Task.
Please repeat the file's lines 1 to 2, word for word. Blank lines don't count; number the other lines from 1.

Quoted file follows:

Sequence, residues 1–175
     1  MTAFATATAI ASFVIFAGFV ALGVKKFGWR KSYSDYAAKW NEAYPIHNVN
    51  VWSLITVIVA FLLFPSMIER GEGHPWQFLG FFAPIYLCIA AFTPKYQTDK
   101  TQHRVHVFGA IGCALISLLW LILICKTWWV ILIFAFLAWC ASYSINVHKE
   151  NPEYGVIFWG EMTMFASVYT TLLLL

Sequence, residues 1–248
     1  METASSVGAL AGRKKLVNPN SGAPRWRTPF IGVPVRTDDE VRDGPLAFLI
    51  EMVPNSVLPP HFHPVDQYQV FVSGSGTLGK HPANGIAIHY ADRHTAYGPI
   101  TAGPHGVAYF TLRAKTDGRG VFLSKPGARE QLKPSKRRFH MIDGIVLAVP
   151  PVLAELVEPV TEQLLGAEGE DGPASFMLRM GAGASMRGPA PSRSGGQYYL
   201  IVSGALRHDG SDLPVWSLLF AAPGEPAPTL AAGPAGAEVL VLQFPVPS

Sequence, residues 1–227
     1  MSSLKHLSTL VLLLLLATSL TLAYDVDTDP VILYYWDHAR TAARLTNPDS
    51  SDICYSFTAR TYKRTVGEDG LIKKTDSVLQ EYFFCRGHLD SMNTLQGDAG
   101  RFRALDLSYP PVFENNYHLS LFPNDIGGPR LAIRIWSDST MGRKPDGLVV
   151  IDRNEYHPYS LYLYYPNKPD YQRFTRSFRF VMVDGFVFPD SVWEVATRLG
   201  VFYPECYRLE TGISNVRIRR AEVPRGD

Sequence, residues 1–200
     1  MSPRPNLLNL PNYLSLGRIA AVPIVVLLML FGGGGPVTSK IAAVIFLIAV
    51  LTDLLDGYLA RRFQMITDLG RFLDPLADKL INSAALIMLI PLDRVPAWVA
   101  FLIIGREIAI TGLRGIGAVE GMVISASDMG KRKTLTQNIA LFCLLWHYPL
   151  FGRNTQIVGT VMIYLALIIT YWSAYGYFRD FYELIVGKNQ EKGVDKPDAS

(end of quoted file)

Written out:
Sequence, residues 1–175
     1  MTAFATATAI ASFVIFAGFV ALGVKKFGWR KSYSDYAAKW NEAYPIHNVN